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Trachoma casts indigenous shadow
Ophthalmologist Angus Turner, Aboriginal Health Worker Jenny Garlett, former Governor of WA MIchael Jeffrey and patient Cynthia Barnes. Picture: Lee Griffith/The West Australian

Australia is the only developed country in the world where the infectious eye disease trachoma still ruins people's lives by robbing them of their eyesight.

Former governor-general and WA governor Michael Jeffery last night launched a project in WA to combat trachoma, which affects 6 per cent of indigenous children.

The Avoidable Blindness project, which is being driven by the Queen Elizabeth Diamond Jubilee Trust, aims to prevent trachoma and other conditions that cause blindness in Africa, Pakistan, Pacific countries and Australia.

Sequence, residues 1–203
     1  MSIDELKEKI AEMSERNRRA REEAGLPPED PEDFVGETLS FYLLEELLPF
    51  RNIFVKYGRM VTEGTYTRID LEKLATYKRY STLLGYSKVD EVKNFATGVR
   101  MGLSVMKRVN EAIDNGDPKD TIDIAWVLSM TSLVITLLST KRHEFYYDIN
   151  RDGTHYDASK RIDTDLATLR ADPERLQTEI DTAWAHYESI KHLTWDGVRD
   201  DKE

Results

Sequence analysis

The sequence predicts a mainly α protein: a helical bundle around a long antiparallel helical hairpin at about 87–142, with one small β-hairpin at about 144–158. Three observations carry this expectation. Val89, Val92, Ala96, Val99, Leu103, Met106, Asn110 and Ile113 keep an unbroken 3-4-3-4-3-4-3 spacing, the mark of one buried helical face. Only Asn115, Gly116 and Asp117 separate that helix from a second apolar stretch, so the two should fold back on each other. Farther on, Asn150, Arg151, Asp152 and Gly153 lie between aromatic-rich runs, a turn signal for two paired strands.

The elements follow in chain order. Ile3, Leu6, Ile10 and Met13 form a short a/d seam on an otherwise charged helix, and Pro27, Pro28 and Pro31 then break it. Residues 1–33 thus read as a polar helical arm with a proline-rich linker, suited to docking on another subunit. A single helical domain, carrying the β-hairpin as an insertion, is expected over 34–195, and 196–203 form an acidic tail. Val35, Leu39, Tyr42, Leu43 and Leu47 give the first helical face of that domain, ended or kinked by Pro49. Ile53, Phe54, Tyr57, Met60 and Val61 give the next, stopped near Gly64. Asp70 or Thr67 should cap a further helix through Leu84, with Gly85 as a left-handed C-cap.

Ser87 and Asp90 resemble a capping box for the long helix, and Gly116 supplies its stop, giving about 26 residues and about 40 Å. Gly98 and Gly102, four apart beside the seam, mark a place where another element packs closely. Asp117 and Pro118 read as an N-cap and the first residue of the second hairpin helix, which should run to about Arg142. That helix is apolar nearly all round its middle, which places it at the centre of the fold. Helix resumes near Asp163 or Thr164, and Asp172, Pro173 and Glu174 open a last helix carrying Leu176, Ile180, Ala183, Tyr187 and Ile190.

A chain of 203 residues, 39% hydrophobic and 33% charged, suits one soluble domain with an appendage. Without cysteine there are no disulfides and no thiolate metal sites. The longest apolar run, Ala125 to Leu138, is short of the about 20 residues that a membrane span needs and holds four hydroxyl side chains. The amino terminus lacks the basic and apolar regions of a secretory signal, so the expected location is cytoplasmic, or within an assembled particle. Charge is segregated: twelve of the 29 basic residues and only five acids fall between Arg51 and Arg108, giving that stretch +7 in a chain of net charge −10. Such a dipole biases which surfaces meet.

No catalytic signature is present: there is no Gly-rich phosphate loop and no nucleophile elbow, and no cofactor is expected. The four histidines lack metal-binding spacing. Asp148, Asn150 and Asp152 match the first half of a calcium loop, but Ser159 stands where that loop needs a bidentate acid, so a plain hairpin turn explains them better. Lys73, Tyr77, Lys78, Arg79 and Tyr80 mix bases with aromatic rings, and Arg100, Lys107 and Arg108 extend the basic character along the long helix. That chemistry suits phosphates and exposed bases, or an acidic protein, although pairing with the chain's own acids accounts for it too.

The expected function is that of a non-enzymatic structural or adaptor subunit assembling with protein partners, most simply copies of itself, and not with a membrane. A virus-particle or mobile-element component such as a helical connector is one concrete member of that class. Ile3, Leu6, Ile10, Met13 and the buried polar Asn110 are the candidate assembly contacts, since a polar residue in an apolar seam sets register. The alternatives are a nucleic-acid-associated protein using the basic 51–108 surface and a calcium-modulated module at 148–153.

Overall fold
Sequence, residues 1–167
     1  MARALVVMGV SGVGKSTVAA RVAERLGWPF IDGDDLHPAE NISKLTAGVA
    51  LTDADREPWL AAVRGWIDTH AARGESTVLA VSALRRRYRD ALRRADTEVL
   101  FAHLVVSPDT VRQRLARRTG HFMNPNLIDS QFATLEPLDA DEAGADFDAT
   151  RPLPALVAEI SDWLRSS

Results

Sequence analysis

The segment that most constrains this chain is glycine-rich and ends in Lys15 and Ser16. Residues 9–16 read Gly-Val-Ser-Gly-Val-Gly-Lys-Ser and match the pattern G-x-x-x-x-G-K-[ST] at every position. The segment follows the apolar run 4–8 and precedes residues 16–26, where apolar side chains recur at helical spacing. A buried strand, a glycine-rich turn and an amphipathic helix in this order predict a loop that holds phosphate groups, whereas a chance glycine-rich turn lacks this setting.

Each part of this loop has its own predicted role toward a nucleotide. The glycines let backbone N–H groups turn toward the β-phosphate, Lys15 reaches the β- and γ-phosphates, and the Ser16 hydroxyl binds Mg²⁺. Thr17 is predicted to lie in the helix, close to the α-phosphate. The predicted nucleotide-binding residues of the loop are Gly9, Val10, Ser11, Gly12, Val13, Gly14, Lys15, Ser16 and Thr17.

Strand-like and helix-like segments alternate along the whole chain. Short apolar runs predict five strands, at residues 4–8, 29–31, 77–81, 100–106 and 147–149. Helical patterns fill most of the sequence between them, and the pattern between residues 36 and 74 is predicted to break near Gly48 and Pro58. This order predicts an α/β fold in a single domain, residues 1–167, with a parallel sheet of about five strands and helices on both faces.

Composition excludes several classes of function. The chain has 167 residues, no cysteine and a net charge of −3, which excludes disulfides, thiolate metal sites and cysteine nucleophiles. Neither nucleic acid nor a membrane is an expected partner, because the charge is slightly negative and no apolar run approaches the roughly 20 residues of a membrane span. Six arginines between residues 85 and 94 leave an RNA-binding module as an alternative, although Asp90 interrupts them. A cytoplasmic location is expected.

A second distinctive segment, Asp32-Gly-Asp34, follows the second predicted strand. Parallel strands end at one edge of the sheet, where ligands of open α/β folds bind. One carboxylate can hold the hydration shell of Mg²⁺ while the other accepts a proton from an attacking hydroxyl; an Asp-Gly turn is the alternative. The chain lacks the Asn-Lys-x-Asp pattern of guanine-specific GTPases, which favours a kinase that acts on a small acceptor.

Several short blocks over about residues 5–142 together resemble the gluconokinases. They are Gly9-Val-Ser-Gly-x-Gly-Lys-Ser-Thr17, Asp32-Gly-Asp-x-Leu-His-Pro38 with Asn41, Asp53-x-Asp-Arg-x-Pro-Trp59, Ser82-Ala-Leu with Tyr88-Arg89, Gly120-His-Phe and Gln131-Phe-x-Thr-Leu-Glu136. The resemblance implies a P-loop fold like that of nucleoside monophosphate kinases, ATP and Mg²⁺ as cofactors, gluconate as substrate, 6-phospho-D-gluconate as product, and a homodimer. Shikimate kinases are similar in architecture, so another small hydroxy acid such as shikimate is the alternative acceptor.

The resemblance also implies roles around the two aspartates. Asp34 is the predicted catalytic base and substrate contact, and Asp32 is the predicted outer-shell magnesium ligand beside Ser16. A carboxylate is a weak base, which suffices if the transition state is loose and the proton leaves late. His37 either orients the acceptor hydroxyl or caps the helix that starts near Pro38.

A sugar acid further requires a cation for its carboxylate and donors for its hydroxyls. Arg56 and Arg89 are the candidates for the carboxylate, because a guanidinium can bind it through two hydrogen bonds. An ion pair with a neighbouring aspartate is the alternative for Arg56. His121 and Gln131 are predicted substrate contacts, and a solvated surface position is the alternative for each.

Maj-Gen. Jeffery, who is chairman of the trust in Australia, said that its goal in Australia was to eliminate trachoma in indigenous communities.

Trachoma is caused by the bacteria Chlamydia trachomatis, which can be easily spread on an infected person's hands or clothing, or carried by flies that have come into contact with discharge from an infected person's eyes or nose.

The project will help provide health education around hygiene and clean faces to stop the transmission of the infection.

Diabetic retinopathy, where complications from diabetes damage the retina leading to blindness, is an increasing problem in Australia because of the rise in diabetes.

Indigenous Australians, particularly those in remote areas, are three times more likely to have type 2 diabetes than other Australians.